Judge Throws the Book at Head of Gold Scam: 25 Years in Prison

Times Staff Writer

The patriarch of a family of precious metals swindlers that once operated in Los Angeles and Orange counties was sentenced Monday to 25 years in federal prison, a punishment law enforcement experts called one of the stiffest in the country for telemarketing fraud.

U.S. District Judge James M. Ideman of Los Angeles also ordered Joel Fisch, 58, to pay $8.7 million in restitution to his victims. Fisch had pleaded guilty to cheating 1,600 investors out of $8.7 million.

Some of Fisch’s victims lost as much as $100,000 in a four-year investment scam that spanned two continents and nine cities, including El Toro, Newport Beach and Los Angeles.

“I think this is the longest sentence for a fraudulent telemarketing case in the Central District of California and one of the toughest federal sentences (for telemarketing) nationwide ever,” said Terree Bowers, major fraud division head for the U.S. Attorney’s office in Los Angeles.


Ideman’s intent, Bowers said, was to ensure that “boiler room operators in Los Angeles and Orange County will eventually get the message that if they continue with their fraudulent activities, they may end up going to jail for a very long period of time.”

In the past 14 months, federal judges in Los Angeles have been noticeably tougher, sentencing five boiler room operators to 20 years in prison and at least 10 to prison terms of 10 to 18 years, Bowers said.

This sentencing sweep, judicial and law enforcement experts say, is meant to clamp down on the local telemarketing schemes that dupe unwitting investors out of hundreds of millions of dollars annually and make the Orange County-Los Angeles County area the so-called boiler room capital of the country.

According to William M. Rhodes, research director of the U.S. Sentencing Commission in Washington, the average sentence handed down nationally for mail or wire fraud of Fisch’s proportions is currently 5 to 10 years.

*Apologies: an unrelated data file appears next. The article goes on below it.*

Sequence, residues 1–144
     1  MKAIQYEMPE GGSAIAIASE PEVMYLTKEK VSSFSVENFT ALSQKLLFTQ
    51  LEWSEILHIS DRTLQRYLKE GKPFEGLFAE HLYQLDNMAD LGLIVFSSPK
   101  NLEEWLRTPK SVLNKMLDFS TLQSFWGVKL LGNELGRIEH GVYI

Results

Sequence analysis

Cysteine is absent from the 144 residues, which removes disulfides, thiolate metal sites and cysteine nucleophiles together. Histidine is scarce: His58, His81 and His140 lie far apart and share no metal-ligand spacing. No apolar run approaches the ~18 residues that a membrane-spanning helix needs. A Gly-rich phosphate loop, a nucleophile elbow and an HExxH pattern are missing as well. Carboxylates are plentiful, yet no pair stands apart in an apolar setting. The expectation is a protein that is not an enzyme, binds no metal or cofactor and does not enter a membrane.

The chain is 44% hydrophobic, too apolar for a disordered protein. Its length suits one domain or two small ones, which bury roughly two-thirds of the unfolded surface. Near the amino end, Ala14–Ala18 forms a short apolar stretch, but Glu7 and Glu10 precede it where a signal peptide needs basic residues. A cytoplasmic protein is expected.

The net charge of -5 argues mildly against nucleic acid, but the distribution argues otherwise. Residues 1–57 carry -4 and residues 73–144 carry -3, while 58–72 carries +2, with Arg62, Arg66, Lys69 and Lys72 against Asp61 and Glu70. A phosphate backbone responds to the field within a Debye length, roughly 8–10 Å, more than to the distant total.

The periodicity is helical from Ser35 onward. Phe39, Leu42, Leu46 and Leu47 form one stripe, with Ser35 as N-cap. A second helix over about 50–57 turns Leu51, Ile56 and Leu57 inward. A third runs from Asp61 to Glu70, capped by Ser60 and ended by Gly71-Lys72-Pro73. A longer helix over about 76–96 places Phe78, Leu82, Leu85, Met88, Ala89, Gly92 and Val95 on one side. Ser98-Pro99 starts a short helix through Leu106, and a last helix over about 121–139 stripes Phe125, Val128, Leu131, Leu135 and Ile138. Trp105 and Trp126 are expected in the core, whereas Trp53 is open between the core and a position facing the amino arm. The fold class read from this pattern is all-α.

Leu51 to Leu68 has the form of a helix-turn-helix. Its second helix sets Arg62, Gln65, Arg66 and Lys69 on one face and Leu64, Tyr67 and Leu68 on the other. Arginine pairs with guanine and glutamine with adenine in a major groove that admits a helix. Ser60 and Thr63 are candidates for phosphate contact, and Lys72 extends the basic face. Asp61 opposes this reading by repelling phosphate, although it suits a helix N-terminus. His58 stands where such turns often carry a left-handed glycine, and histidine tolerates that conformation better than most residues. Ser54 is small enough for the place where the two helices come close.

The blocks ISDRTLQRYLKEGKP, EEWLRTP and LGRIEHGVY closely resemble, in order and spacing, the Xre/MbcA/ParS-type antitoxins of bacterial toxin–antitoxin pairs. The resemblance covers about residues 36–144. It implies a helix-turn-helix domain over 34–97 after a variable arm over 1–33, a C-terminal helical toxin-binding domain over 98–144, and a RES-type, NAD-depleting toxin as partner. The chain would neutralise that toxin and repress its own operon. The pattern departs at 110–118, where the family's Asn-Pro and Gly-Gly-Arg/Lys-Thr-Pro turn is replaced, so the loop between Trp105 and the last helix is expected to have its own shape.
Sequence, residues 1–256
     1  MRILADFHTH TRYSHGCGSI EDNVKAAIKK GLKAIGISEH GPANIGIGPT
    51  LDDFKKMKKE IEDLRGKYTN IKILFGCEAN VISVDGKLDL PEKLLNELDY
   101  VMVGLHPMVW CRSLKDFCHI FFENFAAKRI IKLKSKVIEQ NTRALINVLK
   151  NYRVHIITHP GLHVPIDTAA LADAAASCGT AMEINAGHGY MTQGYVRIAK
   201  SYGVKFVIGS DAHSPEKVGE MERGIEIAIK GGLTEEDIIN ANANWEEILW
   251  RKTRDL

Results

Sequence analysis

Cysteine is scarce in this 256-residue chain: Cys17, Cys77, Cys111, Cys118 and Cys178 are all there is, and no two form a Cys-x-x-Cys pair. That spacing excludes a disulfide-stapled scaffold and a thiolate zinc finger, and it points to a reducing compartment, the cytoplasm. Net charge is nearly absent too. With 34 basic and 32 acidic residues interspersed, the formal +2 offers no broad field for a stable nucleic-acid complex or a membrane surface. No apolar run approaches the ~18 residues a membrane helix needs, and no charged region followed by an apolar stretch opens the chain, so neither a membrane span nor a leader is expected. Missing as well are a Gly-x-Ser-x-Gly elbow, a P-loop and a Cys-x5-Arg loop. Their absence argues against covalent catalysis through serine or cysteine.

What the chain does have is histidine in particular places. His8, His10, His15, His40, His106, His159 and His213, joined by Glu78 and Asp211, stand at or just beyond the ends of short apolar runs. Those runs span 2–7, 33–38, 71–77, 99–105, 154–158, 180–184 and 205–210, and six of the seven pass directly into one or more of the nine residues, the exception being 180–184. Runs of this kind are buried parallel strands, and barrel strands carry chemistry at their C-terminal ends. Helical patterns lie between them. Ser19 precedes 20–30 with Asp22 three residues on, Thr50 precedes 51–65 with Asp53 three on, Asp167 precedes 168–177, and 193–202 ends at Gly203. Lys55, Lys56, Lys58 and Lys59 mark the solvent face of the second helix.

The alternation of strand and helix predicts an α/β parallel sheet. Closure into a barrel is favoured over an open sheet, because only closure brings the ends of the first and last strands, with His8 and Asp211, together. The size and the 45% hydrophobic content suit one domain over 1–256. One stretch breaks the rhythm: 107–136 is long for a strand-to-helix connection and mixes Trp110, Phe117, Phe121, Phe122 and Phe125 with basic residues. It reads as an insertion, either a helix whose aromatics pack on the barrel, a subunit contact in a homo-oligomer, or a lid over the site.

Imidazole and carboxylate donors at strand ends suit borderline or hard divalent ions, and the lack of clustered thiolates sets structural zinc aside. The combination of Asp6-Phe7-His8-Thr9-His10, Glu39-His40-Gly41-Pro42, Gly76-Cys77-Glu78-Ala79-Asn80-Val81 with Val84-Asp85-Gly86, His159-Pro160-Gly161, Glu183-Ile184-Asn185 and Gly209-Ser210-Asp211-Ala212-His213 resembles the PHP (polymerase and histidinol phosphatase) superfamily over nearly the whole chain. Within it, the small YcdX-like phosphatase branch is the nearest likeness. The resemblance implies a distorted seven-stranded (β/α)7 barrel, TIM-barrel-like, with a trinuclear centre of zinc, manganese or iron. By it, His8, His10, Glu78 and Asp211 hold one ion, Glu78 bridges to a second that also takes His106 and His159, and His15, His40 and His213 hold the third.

Rhodes called the Fisch sentence “pretty darn stiff,” and said that his 1985 database--the most recent statistics available--show no sentence greater than 20 years for a similar crime.

The only stiffer sentence for telemarketing that law enforcement experts could recall Monday was Gary Fox’s penalty for running United Precious Metals, a Ft. Lauderdale, Fla., precious-metals scheme that bilked investors out of $11 million. Fox was convicted last year in a state court on 95 counts ranging from grand theft to racketeering and sentenced to 585 years in prison.

Just last week John Peter Galanis, one of the country’s top white-collar criminals, was sentenced to 27 years in prison after conviction on 44 charges including racketeering. Galanis, 45, was sentenced in federal court in White Plains, N.Y.

He was convicted, along with 14 compatriots, for bribery, fraud and illegal takeovers involving financial institutions and mutual funds in New York, Utah, Connecticut and California.

Fisch and his five accomplices, including wife, Joan, and 26-year-old son, Todd, “gorged themselves on (their) victims’ hard-earned savings in a lust for limousines, yachts and penthouses,” said Leon W. Weidman, assistant U.S. attorney.

The Maximum Possible

Alvin E. Entin, Joel Fisch’s attorney, could not be reached for comment.

Ideman’s sentence was the maximum possible for the crimes to which Fisch pleaded guilty in 1987: four counts of mail fraud and one count of defrauding the Internal Revenue Service. In the plea agreement, Weidman said, he recommended that Fisch be sentenced to 10 years in prison.


After Todd Fisch was sentenced last March to 20 years in prison for his lesser role in the family scheme, Joel Fisch attempted to withdraw his guilty plea and face trial instead. Ideman ruled last June that Fisch could not change his plea.

According to Weidman, Fisch operated boiler rooms in El Toro and Los Angeles under the name First Trading Group from 1982 to February, 1984. Through First Trading, Fisch purported to sell precious-metals futures contracts over the telephone to the public.

Instead, they pocketed their victims’ savings and fled to Vancouver, British Columbia, soon after the California Department of Corporations began investigating their operations. First Trading continued to operate in Vancouver until May, 1984, and took in about $7.3 million in its two years of operation.

The Fischs’ next stop was Bellevue, Wash. There--and through a sister office in Newport Beach--they sold fraudulent oil well partnerships, Weidman said, until late 1984, when local authorities began to investigate again. The oil well scheme netted more than $170,000.

On to Miami, where Fisch and his colleagues opened Suisse-Atlantic Corp. In this scheme, the defendant purported to sell foreign currency and operated mail drops and telephone exchanges in Boston, Washington and Paris.

Suisse-Atlantic came to an end $1.1 million and two years later with the arrests of Joel Fisch; Joan Fisch; Todd Fisch; Danny Hochstein, San Francisco; Richard Tommasi, Miami, and Michael Wallach, Miami.

Hochstein and Joan Fisch were sentenced earlier to probation. Tommasi and Wallach were given six months in prison.